Southeast Grind brews comfort for night owls
Where in Portland do you go when you want a cup of Joe and do some work after a certain hour — say, post 7 or 8 p.m.?
Surprisingly, in one of the nation's top coffee towns — second only to Seattle, according to a recent WalletHub study — there are not many options for night owls. Full cafes are often cleared out once closing time approaches, leaving unfulfilled desires for a work space that isn't home.
The question comes up fairly frequently on Reddit.com's Portland threads:
"I'm looking for a place where I can study and use wi-fi for several hours during the evening and late evening. Any of you guys have recommendations for comfortable spots that are open late? Good coffee/snacks is a plus," writes user amagicannamedgob1.
"I live near Portland, and whenever I want to go into town, I commute (I don't drive or anything). Of course, public transportation shuts off around 2 a.m., and practically earlier as far as the light rail is concerned. So, I've been looking for venues open past 2 a.m.," another user writes.
"I'm also up rather late and lament the lack of options at 10 p.m. (why am I having coffee at 10? Uhm, why not?)," writes yet another.
"Anything that resembles a Starbucks is out," says another.
On several of these posts, the first suggestion is Southeast Grind, one of the city's only non-chain 24-hour cafes, at 1223 S.E. Powell Blvd.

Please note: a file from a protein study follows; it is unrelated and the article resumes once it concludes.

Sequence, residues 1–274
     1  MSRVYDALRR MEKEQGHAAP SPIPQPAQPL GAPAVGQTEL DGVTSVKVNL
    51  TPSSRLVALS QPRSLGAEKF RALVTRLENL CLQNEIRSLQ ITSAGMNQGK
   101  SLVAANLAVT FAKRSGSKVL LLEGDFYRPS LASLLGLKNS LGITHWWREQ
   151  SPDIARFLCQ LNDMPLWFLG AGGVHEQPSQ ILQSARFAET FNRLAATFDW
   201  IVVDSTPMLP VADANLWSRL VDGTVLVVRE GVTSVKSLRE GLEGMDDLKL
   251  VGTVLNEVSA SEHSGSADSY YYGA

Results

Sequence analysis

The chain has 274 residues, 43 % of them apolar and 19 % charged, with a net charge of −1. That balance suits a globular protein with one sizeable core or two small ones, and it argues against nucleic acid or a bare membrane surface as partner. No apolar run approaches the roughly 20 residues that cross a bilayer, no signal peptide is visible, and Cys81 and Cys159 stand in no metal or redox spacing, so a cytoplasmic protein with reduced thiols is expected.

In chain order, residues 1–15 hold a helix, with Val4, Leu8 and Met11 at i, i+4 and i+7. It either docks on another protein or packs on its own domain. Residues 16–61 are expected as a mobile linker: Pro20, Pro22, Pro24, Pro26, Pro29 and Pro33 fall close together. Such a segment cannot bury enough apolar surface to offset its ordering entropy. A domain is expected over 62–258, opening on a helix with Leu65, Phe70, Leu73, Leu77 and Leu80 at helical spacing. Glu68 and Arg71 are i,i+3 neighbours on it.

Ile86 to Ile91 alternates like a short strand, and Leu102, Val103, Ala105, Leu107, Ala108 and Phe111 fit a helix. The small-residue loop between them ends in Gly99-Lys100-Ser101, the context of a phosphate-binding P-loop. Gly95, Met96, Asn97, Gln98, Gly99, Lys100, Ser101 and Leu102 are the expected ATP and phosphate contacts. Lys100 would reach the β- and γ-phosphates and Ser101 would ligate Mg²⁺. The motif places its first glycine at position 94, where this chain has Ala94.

It's unclear whether it's truly the sole 24-hour non-chain cafe in the city limits; calls to different bureaus in the city of Portland, Multnomah County and even Prosper Portland determined that such information is not tracked.
It's true, though, that staying open 24 hours requires much more manpower and it can be tough if it doesn't have the clientele to sustain that. East Portland Coffee Roasters recently scaled back their hours from 24 hours to closing at midnight because of money, according to a store employee.
But whether Southeast Grind is unique in its open-24-hour status or not, it certainly is unique in other ways, including the story of its owner, Kacey Birch.
Sporting a bob-style haircut and plain purple shirt, Birch, 34, has a smile as warm as the herbal tea I'm sipping during an interview. The cafe is busy for 11:30 p.m. on a weeknight, as many studious youths are buried in their work, coding or writing, or whatever activity their work dictates. The glow of laptop screens illuminate faces in just about every occupied seat — a few books — while large headphones are worn to mute outside noise. Busy bodies at that later hour is usual for Southeast Grind.
The cafe itself is comfortable and inviting with its mismatched furniture and no discernible theme.
"The goal would be like you're just hanging out in someone's living room. You should be that comfortable, definitely. A lot of things on the inside have been in response to what we've heard over the last 8 1/2 years," Birch says.
She started the cafe in 2009 — an unplanned endeavor not related to her design studies while a student in Los Angeles.
But an incident in nearby Santa Monica would change her life forever, ultimately leading her to the little corner shop that's become loved by many.
As she tells the story, on Jan. 9, 2005, while walking, she was hit by actor Peter Graves (known for roles in the "Mission: Impossible" television series in the 1960s and 1970s, and Captain Clarence Oveur in "Airplane!"), who was driving.
The ordeal was settled in a lawsuit after a long, drawn-out process. Birch says the story was kept out of the media.